What should I do on Sunday afternoon?
What should I do on Sunday afternoon?
I acknowledge that even asking this question identifies me as one of those weird Christians who still believes that Sunday is a special day. I admit it is true. I still believe that the 4th commandment applies, that Sunday is the Lord's Day, and thus it is to be different from the other days of our week. This is the position of our denomination, articulated in chapter 21:7 of the Westminster Confession of Faith as follows:
"As it is the law of nature, that, in general, a due proportion of time be set apart for the worship of God; so, in His Word, by a positive, moral, and perpetual commandment binding all men in all ages, He has particularly appointed one day in seven, for a Sabbath, to be kept holy unto him: which, from the beginning of the world to the resurrection of Christ, was the last day of the week: and, from the resurrection of Christ, was changed into the first day of the week, which, in Scripture, is called the Lord's Day, and is to be continued to the end of the world, as the Christian Sabbath."
But even among those Christians would agree with the Confession, and acknowledge that the 4th commandment is still applicable for Christians today; the question of how exactly it applies it to our lives has occasioned much disagreement. What does it mean, in practice, to "Remember the Sabbath and Keep it Holy?" What can I do on Sunday afternoon besides pray, read the Bible, and pray some more? Is there any room for leisure, NFL football, eating out, laser tag, ping pong, or a good old fashioned nap?
In attempting to answer this question, there are two extremes that need to be avoided. On the one hand, there has always been a temptation to create specific lists of "do's and don’ts" for Sunday. The is an understandable desire, as it makes it much easier for us to assess whether or not we are keeping the 4th commandment. Have we done anything on the naughty list? If not, then I can have confidence that I have kept the Lord's Day. The problem with this, as exemplified with the interactions that Jesus had with the Pharisees, is that it almost always ends up in legalism. We end up, even with the best of intentions, creating a list of behaviors/activities (normally heavily influenced by our own background and location) that we impose upon ourselves and others. We thus, to use Jesus' words, substitute the traditions of men for the command of God. The other problem with this approach is that it tends to make the Sabbath a burden to keep rather than a blessing, which is directly opposite God's stated intention for it.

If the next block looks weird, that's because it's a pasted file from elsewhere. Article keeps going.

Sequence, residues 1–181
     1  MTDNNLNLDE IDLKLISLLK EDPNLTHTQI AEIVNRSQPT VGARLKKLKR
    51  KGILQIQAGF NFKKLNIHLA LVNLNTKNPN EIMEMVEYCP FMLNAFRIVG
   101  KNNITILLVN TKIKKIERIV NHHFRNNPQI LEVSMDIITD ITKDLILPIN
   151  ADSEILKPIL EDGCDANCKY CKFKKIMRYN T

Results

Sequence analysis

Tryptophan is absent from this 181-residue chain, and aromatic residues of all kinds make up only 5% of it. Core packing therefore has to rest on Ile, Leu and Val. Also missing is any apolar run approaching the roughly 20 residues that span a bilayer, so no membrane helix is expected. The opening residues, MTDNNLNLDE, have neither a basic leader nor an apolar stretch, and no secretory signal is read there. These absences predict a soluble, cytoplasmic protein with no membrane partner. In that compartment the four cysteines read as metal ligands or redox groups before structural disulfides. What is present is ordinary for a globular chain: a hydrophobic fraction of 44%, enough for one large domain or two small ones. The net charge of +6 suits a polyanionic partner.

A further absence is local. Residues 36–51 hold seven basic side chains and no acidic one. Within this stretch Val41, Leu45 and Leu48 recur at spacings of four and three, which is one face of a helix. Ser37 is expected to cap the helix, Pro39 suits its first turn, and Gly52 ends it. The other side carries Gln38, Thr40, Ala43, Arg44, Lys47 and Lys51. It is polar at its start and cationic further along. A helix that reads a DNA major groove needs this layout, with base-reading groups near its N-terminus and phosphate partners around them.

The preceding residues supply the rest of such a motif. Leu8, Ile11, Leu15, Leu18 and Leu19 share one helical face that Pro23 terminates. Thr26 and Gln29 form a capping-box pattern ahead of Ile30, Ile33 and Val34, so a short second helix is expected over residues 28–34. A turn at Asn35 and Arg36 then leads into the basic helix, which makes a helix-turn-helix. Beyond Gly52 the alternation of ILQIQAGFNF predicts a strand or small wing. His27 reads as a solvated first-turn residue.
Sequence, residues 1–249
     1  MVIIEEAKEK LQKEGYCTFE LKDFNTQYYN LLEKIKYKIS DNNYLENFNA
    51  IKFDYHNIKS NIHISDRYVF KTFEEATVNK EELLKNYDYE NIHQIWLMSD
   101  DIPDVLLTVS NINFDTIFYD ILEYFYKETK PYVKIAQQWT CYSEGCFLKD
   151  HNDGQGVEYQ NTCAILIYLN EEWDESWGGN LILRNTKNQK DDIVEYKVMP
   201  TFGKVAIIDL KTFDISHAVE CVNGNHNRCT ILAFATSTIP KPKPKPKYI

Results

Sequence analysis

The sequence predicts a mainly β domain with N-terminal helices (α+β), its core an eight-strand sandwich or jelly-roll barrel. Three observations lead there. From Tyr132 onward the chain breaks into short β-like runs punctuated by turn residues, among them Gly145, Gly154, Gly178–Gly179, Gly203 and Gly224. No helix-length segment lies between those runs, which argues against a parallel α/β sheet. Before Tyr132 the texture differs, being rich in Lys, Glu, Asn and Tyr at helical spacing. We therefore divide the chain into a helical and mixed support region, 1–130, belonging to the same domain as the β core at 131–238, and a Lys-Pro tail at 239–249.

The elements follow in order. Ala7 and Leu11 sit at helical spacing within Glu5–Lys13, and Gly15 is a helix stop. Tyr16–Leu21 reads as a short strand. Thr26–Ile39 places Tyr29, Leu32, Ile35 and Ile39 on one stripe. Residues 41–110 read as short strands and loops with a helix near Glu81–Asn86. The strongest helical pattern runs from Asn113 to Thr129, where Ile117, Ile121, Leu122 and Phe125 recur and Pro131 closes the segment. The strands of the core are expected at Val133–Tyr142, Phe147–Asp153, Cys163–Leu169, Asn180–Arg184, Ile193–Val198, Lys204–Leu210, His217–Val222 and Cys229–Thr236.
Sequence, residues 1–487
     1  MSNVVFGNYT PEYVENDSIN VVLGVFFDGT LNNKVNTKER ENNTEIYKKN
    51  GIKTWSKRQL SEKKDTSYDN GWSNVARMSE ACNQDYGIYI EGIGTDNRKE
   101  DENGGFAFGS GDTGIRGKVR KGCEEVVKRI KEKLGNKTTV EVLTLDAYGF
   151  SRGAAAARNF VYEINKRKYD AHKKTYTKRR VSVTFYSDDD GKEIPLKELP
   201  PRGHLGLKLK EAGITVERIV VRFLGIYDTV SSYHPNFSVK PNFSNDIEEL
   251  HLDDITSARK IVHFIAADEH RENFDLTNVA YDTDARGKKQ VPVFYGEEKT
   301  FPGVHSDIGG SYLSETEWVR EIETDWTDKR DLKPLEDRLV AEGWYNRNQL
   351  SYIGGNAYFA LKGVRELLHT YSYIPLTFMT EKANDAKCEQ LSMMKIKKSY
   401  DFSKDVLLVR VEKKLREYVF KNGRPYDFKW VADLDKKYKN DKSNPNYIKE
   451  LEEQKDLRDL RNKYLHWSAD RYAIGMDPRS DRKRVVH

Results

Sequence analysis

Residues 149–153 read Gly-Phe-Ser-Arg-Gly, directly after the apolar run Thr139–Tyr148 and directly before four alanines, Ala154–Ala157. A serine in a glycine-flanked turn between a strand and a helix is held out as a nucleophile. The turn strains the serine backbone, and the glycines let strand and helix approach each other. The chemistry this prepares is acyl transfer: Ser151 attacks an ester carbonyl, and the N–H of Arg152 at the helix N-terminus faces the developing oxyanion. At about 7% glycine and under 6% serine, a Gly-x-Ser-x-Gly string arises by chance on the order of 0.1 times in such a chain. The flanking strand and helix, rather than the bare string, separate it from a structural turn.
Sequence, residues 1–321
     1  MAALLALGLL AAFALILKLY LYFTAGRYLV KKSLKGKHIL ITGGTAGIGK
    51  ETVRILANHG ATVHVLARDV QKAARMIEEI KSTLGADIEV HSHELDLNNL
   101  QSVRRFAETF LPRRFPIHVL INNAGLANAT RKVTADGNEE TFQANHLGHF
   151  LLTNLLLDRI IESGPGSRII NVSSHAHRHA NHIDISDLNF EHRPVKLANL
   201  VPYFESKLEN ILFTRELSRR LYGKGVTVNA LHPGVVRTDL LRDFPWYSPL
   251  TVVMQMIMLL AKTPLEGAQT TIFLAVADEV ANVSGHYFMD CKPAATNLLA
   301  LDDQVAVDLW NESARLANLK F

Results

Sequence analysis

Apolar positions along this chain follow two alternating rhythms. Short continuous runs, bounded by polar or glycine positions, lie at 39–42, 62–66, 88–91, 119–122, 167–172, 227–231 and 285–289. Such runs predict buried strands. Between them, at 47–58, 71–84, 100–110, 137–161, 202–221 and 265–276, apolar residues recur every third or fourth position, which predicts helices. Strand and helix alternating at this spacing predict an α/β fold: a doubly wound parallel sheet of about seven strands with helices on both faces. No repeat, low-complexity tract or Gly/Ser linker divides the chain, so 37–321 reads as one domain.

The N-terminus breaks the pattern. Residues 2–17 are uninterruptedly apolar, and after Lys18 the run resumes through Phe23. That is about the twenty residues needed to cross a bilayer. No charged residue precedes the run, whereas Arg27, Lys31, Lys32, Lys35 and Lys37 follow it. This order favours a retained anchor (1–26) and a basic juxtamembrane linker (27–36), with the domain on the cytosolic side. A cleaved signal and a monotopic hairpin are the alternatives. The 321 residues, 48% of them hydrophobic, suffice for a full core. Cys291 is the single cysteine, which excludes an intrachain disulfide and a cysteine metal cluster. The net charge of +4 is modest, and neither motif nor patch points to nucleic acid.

On the other hand, however, in our fear of being perceived as legalistic, we can error by not seriously thinking about how we ought to spend the day. There may not be a list of "do's and don’ts" in the New Testament for Sunday afternoon, but the 4th commandment, if it applies, does mean something, which implies that there are activities/behaviors that are more appropriate than others for us to engage in on the Lord's day.
The challenge for us is to think about this issue without veering into an unbiblical legalism, but also offering some very practical guidance on how we can best utilize the day that God has given us. I believe a good way to do that is by considering the purpose for which the Lord instituted the day in the first place. If we understand the goal of the day, it will help us navigate through what activities are more and less appropriate to that day. This will be the subject of the next post.
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